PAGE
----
Subject: IPS: Few Graduate From U.N. Programme for the Poorest

Few Graduate From U.N. Programme for the Poorest

Thalif Deen

UNITED NATIONS, Sep 14 (IPS) - When the United Nations decided in 1971 to create the concept of "least developed countries" (LDCs) -- a new category of member states needing special social and economic assistance from the international community -- they were described as the "poorest of the world's poor".

But since then, the number of LDCs has virtually doubled to 50 -- the last two countries being Senegal (in 2001) and East Timor (in 2003) -- signifying the deterioriating economic conditions, specifically in the developing world.

Asked if this was symbolic of the failure of the United Nations and the international community towards LDCs, U.N. Under-Secretary-General for LDCs Anwarul Karim Chowdhury told IPS: "The doubling of the number of LDCs since the category was created in 1971 is a reality of the global economic and social situation."

On the other hand, he argued, it must be recognised that the international community, particularly the U.N. system, has given special attention to the LDCs as never before. Chowdhury pointed out that "development is a long process and it takes time to show results".

"We should also recognise that quite a few countries have been identified by the General Assembly, as well as recommended by the U.N. Committee for Development Policy (CDP) in recent years, for graduation from the list of LDCs, (signifying economic improvement)," he added.

The first one to graduate from LDC status was Botswana in 1994, while two other LDCs, Cape Verde and Maldives, have been recommended by the CDP to "graduate" soon primarily because of "the durable and undisputed socio-economic progress" made by the two countries. A third country, Samoa, is also a potential candidate for graduation.

Last year, the U.N. General Assembly, however, postponed by three years the start of the grace period for Maldives because of the devastation caused to that Indian Ocean island nation by the December 2004 tsunami.

The CDP continuously monitors the LDCs -- which are entitled to special duty-free concessions and increased debt relief and official development assistance (ODA) -- to check which of the countries should remain as LDCs and which should graduate.

The criteria and thresholds for LDC status include low incomes, weak human assets, high economic vulnerability and a population of less than 75 million.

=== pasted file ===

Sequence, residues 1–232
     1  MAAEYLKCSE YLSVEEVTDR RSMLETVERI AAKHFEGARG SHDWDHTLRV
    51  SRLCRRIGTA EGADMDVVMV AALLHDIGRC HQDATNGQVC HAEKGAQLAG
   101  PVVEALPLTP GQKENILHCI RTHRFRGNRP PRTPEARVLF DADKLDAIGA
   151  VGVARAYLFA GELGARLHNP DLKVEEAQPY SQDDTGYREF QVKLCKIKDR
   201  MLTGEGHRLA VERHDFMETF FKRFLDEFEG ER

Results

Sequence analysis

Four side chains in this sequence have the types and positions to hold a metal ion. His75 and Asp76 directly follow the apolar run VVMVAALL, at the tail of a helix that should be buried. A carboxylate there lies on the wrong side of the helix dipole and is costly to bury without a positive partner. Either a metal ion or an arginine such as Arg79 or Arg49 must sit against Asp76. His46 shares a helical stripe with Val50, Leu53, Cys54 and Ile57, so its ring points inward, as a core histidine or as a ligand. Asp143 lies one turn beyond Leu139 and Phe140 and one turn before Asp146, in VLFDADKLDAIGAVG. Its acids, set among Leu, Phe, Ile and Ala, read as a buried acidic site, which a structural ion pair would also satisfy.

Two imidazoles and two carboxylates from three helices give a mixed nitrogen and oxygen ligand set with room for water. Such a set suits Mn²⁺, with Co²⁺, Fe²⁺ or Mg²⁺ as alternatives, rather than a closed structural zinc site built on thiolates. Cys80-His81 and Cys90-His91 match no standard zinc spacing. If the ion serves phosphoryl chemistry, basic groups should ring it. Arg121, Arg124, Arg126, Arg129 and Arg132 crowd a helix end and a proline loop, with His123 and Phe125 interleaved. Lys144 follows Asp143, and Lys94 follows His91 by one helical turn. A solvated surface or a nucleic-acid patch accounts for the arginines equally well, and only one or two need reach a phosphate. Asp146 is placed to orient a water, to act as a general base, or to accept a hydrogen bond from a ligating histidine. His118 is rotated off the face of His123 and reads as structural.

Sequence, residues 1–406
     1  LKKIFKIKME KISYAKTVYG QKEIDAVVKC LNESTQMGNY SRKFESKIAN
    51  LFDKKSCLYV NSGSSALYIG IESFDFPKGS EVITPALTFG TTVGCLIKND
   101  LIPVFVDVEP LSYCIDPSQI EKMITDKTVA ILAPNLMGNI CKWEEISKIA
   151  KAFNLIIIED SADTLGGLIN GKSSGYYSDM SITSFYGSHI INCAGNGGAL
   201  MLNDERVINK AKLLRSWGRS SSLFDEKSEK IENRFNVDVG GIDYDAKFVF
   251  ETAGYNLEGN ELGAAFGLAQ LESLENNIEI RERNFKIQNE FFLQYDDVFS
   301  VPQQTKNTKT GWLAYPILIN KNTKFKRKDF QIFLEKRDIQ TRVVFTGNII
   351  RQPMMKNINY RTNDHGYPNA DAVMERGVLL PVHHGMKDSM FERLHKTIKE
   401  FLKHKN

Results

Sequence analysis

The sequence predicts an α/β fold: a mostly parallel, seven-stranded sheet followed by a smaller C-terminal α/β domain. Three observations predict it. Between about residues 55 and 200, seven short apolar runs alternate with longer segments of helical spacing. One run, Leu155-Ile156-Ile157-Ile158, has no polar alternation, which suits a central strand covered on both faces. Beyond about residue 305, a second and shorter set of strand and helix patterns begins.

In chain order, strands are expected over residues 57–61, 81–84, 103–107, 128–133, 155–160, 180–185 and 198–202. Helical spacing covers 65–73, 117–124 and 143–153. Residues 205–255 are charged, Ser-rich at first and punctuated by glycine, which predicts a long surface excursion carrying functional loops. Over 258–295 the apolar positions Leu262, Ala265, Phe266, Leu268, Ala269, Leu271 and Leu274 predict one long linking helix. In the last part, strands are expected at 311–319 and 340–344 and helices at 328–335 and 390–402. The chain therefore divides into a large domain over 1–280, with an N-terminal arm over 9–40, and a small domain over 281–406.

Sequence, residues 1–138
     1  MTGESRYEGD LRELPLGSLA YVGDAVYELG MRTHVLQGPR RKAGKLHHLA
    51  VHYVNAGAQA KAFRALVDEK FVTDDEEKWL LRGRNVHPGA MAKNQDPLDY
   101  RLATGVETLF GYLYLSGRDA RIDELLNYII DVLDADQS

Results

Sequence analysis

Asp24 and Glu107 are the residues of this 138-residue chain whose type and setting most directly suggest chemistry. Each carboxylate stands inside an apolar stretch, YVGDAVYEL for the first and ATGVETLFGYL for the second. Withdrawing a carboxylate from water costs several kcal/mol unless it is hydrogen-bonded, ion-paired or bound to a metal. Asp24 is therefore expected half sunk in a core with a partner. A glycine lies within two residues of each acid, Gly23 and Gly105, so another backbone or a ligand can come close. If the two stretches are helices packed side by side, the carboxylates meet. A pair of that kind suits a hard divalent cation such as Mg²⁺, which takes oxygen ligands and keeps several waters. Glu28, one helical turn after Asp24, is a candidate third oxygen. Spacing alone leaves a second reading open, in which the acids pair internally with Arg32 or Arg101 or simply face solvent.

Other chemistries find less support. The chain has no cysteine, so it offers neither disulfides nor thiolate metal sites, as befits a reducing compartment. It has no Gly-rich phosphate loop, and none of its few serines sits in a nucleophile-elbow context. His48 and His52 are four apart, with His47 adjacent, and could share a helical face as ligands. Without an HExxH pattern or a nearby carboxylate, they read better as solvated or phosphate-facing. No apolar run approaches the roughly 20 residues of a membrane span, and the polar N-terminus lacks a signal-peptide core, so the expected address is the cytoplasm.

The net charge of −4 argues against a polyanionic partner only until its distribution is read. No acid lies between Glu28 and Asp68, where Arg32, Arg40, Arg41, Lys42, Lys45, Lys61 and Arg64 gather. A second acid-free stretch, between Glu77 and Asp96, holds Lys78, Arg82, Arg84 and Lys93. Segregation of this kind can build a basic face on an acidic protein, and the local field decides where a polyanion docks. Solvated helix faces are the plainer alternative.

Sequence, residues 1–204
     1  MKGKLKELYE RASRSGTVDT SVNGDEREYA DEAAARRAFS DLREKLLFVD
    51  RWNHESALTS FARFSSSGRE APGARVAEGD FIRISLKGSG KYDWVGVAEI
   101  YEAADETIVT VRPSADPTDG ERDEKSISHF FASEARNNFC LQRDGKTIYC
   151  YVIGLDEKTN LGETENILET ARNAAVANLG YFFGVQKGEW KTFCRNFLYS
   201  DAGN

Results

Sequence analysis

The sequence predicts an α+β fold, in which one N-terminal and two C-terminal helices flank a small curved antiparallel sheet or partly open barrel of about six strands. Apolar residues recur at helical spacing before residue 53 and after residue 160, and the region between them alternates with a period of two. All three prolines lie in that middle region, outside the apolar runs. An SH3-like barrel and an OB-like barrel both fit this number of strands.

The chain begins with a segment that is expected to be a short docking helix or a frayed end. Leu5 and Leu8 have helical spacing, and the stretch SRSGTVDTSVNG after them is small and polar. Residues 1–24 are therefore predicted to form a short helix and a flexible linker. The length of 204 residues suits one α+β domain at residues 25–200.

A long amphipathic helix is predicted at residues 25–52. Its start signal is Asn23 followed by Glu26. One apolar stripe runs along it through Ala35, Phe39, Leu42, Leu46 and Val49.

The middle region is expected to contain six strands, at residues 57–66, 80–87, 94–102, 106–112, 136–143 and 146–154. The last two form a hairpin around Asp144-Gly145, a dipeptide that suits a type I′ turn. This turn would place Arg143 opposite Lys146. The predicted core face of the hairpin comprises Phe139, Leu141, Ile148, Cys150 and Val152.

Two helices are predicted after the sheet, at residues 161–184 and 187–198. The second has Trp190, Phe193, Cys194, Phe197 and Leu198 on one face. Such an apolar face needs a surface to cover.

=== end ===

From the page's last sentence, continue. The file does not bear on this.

The 50 LDCs, of which 34 are from Africa, range from Afghanistan and Central African Republic to Vanuatu and Zambia.

At the third U.N. Conference for Least Developed Countries held in Brussels in May 2001, the United Nations adopted a wide-ranging Programme of Action aimed at providing increased assistance to the world's 50 poorest nations.

After five long years, the programme will be reviewed at a high-level ministerial meeting scheduled to take place at the United Nations Sep. 14-19, on the eve of the opening of the 61st session of the General Assembly.

Asked about the successes and failures of the programme, Chowdhury told IPS: "I believe that during the last five years, the LDCs initiated many reforms and took wide-ranging actions for implementing the commitments they made in the Brussels Programme covering its seven areas of commitments from policy-making to capacity development, to governance, to environment."

The needs of the LDCs are of such magnitude, and also because the development process takes a while to bear fruit, that it would be inappropriate to term the slow progress in some areas as failures, he added.

"As a matter of fact, LDCs have done remarkably well in a number of areas given the multifarious impediments that they continue to face because of their structural constraints," he said.

The development partners need to encourage the LDCs by providing substantive support. Since Brussels, HIV/AIDS, natural disasters and conflicts have presented additional challenges for these most vulnerable countries, Chowdhury said.

In a report released last week, U.N. Secretary-General Kofi Annan says the LDCs have generally grown faster than other developing nations, significantly so if China and India are excluded, while there has also been a decline in conflicts, a critical factor in improving development prospects.

At the same time, the current rate of growth -- roughly moving close to the target of seven percent -- has not helped reduce extreme poverty and hunger, while the spread of HIV/AIDS is diluting some of the hard-won economic gains.

Asked if he expects more developing nations to join the ranks of LDCs because of rising oil prices and a global economy threatened with recession, Chowdhury said: "Yes, the oil price hike has seriously affected the economic situation in many of the developing nations, but that should not necessarily result in their immediate inclusion in the ranks of the LDCs."

The inclusion is decided by the CDP on the basis of specific criteria that include a human assets index based on indicators of nutrition, health, education and adult literacy.

But he expressed reservations about LDCs meeting the goal of eradicating extreme poverty and hunger by the 2015 deadline.

"Not many LDCs, according to the present scorecard, would be meeting all the Millennium Development Goals (MDGs) by 2015," he said. However, some of them have achieved considerable success in meeting at least the goals like school enrolment and access to safe drinking water.

The main constraints faced by the LDCs are their existing development challenges, particularly the lack of capacity and infrastructure compounded by paucity of resources.

All these have been made worse by the HIV/AIDS pandemic, particularly in many of the 34 African LDCs, he added. (END/2006)


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